Engineers have designed a system that can help cool buildings in crowded metropolitan areas without consuming electricity — an important innovation at a time when cities are working to adapt to climate change.
The system consists of a special material — an inexpensive polymer/aluminum film — installed in a box at the bottom of a specially designed solar “shelter.” The film helps keep its surroundings cool by absorbing heat from the air inside the box and transmitting the energy through the Earth’s atmosphere into outer space. The shelter serves a dual purpose: helping to block incoming sunlight while also beaming thermal radiation emitted from the film into the sky. The polymer stays cool as it dissipates heat through thermal radiation and can then cool down the environment. This radiative or passive cooling does not consume electricity or battery power.
The system purposefully directs thermal emissions toward the sky. Normally, thermal emissions travel in all directions; the new system beams the emissions in a narrow direction. This enables the system to be more effective in urban environments where there are tall buildings on all sides. The shelter-and-box system measures 18 × 10 × 10". To cool a building, numerous units of the system would need to be installed to cover a roof.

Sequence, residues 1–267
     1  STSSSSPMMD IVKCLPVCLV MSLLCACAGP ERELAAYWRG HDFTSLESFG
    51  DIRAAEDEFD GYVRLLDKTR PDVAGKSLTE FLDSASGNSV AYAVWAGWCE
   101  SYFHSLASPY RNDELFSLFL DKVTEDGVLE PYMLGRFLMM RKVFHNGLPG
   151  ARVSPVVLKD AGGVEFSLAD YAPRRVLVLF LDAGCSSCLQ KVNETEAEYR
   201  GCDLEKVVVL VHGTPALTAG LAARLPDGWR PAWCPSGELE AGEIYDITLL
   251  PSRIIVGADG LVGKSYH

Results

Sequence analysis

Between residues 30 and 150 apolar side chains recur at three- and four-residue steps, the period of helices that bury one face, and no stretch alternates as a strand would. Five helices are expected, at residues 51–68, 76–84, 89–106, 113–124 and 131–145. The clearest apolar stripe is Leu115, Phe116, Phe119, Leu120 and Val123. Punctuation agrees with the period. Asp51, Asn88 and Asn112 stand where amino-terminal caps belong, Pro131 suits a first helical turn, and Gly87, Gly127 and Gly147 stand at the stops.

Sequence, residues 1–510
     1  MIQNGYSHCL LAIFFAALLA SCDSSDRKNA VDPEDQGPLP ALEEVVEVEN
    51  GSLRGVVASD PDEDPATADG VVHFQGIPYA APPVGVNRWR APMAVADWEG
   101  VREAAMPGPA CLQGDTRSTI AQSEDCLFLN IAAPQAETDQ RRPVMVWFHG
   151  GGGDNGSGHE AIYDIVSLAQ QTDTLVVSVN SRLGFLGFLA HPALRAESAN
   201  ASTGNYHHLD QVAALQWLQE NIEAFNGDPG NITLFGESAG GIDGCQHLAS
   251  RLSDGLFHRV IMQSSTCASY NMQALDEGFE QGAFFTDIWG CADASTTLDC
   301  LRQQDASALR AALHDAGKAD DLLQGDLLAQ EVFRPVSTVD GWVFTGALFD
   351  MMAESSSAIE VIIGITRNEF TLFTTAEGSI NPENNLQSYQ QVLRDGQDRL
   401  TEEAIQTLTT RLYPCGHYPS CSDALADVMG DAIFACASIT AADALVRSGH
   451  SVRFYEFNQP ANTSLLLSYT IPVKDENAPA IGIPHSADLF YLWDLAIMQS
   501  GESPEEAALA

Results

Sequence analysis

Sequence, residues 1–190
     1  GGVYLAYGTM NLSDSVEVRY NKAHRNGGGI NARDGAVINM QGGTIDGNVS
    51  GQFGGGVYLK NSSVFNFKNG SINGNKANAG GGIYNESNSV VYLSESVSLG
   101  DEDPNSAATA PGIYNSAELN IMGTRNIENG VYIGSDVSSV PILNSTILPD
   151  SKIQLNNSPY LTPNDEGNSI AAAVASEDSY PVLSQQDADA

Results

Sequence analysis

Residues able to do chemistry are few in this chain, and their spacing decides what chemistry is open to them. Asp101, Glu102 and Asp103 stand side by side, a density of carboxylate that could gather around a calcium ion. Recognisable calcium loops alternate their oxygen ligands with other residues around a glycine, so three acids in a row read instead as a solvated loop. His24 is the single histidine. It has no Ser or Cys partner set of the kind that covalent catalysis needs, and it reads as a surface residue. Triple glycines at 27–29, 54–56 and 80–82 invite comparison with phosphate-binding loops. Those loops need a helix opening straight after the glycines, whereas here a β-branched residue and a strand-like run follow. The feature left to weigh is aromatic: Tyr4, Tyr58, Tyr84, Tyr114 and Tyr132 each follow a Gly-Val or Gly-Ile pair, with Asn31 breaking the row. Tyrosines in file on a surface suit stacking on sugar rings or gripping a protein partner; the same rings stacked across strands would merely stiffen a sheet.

The new passive cooling system addresses an important problem: How radiative cooling can work during the day and in crowded urban areas. When placed outside during the day, the heat-emanating film and solar shelter helped reduce the temperature of a small, enclosed space by a maximum of about 6 °C; at night, that figure rose to about 11 °C.
The radiative cooling system incorporates a number of optically interesting design features. One of the central components is the polymer/metal film made from a sheet of aluminum coated with a clear polymer called polydimethylsiloxane. The aluminum reflects sunlight, while the polymer absorbs and dissipates heat from the surrounding air.
Engineers placed the material at the bottom of a foam box and erected the solar shelter atop the box using a solar energy-absorbing material to construct four outward-slanting walls along with an inverted square cone within those walls. This architecture serves a dual purpose: First, it helps to soak up sunlight; second, the shape of the walls and cone direct heat emitted by the film toward the sky.
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